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Breaking Down Barriers to Native American Voting

  • Kim Wyman, secretary of state in Washington, addresses the conference as Deb Haaland, one of the first two Native American women elected to the U.S. Congress, and Jocelyn Benson, secretary of state in Michigan, listen. (Photos: The Carter Center/ M. Schwarz)

  • David Carroll and Avery Davis-Roberts, director and associate director of the Carter Center’s Democracy Program, hope to hold more conferences that bring together election officials and Native American voting rights advocates.

Their ancestors were the first to live on the land that came to be known as America, and yet many still have trouble exercising the most basic of American rights – the right to vote.

Native Americans face a variety of barriers on their way to the polls, some of which seem almost unbelievable in 2019.

They are sometimes forced to drive more than 100 miles round-trip to cast a ballot; others are denied the chance to even register because they have non-traditional mailing addresses — rural route numbers, for example, or post office boxes.

The Native American Voting Rights Coalition conducted field hearings on or near tribal lands in seven Western states in early 2018, interviewing more than 125 voters and would-be voters about their election-related experiences. The coalition gave the first presentation on its findings at a conference about Native American participation in U.S. elections that The Carter Center organized in December. In addition to barriers related to geographical isolation and mailing addresses, the coalition noted other issues that suppress voter turnout, including:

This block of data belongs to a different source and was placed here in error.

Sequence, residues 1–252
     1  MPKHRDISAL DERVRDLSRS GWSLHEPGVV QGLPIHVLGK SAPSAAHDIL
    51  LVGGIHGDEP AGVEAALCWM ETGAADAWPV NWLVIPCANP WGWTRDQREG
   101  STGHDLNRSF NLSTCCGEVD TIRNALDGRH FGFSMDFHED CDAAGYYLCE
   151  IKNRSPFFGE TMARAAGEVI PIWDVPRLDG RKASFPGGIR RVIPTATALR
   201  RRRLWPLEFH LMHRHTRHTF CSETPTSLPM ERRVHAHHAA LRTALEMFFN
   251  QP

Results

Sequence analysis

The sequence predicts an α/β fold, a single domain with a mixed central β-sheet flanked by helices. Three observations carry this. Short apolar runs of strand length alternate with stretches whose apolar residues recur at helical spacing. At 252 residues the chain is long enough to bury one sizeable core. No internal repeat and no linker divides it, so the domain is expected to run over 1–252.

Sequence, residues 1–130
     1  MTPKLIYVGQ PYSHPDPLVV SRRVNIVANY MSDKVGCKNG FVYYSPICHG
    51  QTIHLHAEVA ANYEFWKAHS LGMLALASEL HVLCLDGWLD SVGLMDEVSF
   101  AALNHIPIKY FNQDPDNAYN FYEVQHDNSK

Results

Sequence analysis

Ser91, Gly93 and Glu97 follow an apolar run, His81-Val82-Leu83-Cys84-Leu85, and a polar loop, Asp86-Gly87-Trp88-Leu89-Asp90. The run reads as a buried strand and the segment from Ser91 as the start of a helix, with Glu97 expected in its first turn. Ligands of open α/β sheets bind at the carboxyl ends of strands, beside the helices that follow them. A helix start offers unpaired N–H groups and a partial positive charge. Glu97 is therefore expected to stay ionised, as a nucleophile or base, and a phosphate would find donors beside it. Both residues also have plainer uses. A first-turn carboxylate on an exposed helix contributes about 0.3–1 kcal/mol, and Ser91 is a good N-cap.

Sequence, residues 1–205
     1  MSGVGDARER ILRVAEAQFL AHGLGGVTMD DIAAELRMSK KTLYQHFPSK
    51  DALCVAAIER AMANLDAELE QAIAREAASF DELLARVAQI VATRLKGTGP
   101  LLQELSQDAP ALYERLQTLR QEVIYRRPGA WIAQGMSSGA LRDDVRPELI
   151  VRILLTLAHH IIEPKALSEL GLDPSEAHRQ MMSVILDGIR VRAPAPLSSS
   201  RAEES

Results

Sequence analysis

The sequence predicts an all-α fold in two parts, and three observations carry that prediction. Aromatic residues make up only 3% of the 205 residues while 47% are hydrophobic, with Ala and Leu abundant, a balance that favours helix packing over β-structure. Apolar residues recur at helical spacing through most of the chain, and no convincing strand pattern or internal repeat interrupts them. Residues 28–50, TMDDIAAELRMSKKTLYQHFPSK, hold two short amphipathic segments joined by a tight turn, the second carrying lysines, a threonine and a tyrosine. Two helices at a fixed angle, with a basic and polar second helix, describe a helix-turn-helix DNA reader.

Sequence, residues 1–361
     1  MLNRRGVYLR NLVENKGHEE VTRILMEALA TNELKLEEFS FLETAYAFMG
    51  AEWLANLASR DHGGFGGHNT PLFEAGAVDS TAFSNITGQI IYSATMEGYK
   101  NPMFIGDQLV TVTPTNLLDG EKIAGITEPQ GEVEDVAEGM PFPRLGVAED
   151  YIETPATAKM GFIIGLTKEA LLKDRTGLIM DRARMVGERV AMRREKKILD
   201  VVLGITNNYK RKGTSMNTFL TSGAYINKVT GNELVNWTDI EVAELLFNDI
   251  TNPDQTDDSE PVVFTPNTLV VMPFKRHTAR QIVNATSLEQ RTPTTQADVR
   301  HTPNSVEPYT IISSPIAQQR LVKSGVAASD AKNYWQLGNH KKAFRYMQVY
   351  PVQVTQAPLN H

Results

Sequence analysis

Poverty: Native Americans have the highest rate of poverty of any population group, which results in higher-than-average rates of homelessness and illiteracy and exacerbates transportation issues.

Language barriers: More than a quarter of single-race Native Americans and Alaska Natives speak a language other than English at home, but many jurisdictions don’t translate voting materials into Native American dialects or hire enough bilingual poll workers.

Lack of broadband and internet access: Less than 10 percent of people on tribal lands have broadband access, which means they often miss out on voting information and have no ability to register online.

The coalition’s findings came as a surprise to many conference attendees who work in election administration: “I was shocked that we’re talking about solving problems that I thought were solved 40 years ago,” said Kim Wyman, Washington’s secretary of state and co-chair of the Carter Center meeting. “I believed we’d gotten rid of these barriers.”

Because her state conducts all voting by mail, she said, she thought it was doing a good job dealing with these issues. But what she heard during the conference made her realize that election officials need to do more to ensure that obstacles are effectively addressed.

For her part, Natalie Landreth of the Native American Rights Fund said that hearing from the election officials at the conference made her aware that activists need to work harder to educate the public about these barriers.

“Too often, Native American voting activists and election officials only meet in the courtroom,” said Avery Davis-Roberts, an associate director in the Carter Center’s Democracy Program. “We wanted to give them a chance to connect and exchange ideas in a neutral environment.”

Though Native Americans win about 95 percent of their election-related cases, according to one expert, lawsuits can’t entirely break down voting barriers.

“We cannot litigate our way out of this problem,” said Virginia Davis of the National Conference on American Indians. “It’s an important tool, but it’s too expensive and not available to everyone. It doesn’t build relationships on the ground. We need diplomacy.”

Participants agreed that more meetings like this one are needed.

Democracy Program Director David Carroll said The Carter Center hopes to make that happen: “A lot of people told us that they’d made helpful connections at the conference. We want to do whatever we can to help those connections grow, because The Carter Center believes that the right to vote should be available to all.”

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